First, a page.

There is a certain group of Calvinist bloggers, characterized by their love of personal insults and constant appeal to logic over Biblical theology, who have been hard at work defending one of their own's silly suggestion that Jesus performed a miracle, created a key, then opened the locked door, and that's how he appeared in the midst of them on that first Easter evening. Well, I admit, I thought that was pretty funny, but then...well, let's just say I now have to admit I'm wrong. Boar's Head Tavern has provided actual proof!
But then, I got to to thinking. If Jesus did a miracle to make a key, couldn't he just have done a miracle and parted the door, Moses-style, or called down fire from heaven, Elijah style? Why create a key? Why not just evaporate the door? I'm still wondering where the Calvinists thought Jesus was hanging out after the Resurrection. They tell me that what seemed to be his real human body and human nature, actually wasn't. So that whole "Thomas, stick your finger here" incident -- must have been some sort of trick, but Thomas sure believed it. He fell down in front of this very real human being, who was also the Son of God, and said, "My Lord, and my God." Woops, silly Thomas. Didn't Thomas know he was merely beholding an apparition?
What? An "apparition" ... yes, you read that right. That's now how this certain Calvinist blogging group is trying to explain the post-Resurrection appearances of Jesus. Now I just read one of them saying that the post-Resurrection appearances are the antitype to the OT Christophanies, of course not recognizing that with that argument he rather dramatically proves my point! The post-Resurrection appearances are the real deal, the real thing. God, in the flesh, appearing and being among us, in the flesh. Not magically, mystically or ... ghostly. But this whole "apparition" explanation does have a certain charm, doesn't it? It's a sort of "Jesus as Caspar the Friendly Ghost" theory. By the way, here are a whole bunch of other apparitions for them to consider.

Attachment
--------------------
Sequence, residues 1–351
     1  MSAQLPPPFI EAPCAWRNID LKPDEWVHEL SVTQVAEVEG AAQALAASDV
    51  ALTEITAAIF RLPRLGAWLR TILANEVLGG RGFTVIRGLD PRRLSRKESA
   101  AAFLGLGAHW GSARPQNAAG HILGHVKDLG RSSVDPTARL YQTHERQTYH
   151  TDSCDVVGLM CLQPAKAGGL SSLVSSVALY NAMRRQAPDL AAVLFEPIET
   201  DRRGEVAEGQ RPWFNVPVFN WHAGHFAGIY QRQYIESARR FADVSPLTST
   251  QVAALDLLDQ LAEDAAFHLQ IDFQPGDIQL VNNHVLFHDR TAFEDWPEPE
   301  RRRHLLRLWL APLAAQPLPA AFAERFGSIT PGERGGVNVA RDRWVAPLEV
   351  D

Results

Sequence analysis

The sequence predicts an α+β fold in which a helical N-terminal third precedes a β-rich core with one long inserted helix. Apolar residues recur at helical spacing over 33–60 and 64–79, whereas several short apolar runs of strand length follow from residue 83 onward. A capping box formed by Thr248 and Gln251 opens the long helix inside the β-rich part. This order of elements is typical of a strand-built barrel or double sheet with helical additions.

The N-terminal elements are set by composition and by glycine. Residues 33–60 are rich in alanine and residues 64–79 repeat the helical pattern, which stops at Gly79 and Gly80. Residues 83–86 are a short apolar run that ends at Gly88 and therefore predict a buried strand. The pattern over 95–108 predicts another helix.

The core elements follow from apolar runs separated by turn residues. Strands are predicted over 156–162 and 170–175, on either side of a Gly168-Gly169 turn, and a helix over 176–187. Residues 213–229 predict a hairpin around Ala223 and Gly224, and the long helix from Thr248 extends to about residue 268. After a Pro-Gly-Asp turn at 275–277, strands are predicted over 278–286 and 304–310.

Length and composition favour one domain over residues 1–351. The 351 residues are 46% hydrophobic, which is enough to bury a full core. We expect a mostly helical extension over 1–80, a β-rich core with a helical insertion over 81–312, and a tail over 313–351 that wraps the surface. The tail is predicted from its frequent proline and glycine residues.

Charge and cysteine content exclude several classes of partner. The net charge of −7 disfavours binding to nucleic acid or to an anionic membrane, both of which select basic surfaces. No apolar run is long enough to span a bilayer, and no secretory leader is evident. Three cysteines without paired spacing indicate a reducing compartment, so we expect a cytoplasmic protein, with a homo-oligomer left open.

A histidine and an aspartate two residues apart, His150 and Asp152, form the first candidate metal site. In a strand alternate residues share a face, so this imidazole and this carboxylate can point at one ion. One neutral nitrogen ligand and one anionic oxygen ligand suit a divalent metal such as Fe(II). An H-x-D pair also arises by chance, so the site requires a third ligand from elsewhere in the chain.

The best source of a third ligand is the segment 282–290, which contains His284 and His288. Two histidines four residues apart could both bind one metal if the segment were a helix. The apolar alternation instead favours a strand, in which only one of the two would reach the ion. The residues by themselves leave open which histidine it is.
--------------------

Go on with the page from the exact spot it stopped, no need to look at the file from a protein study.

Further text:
All this sort of argumentation from these folks is because they can't get their brains around the Scriptural reality that there is a real communication of attributes between the divine and human natures in the Person of Christ. I prescribe a big heaping dose of "The Catalog of Testimonies" through which they will see that this reality has been part of the church's confession of Christ from the very earliest years. You may find this at www.bookofconcord.org
Oh, just one more thing, I've learned that in fact Caspar may not have been a ghost. Apparently, as the photo on the right illustrates, his grave has been discovered outside of London, England.
Thursday, January 19, 2006
If you think He had a key, you need a razor
A while back, Pr. Paul McCain did a post on his blog suggesting that Calvinistic theology might do well to pay a little more attention to Jesus and the Gospel, rather than making God's sovereignty so much its bottom line. The result was a firestorm of failed wit and forced rejoiner in the Calvinistic blogosphere, in which our Reformed bretheren struggled in vain to find some allegedly parallel accusation to level at Lutherans in order make Pr. McCain's comments appear to be unfounded. The results ranged from the silly to the virtually incoherent, and pretty universally were lamer than the man the Lord healed at Bethesda.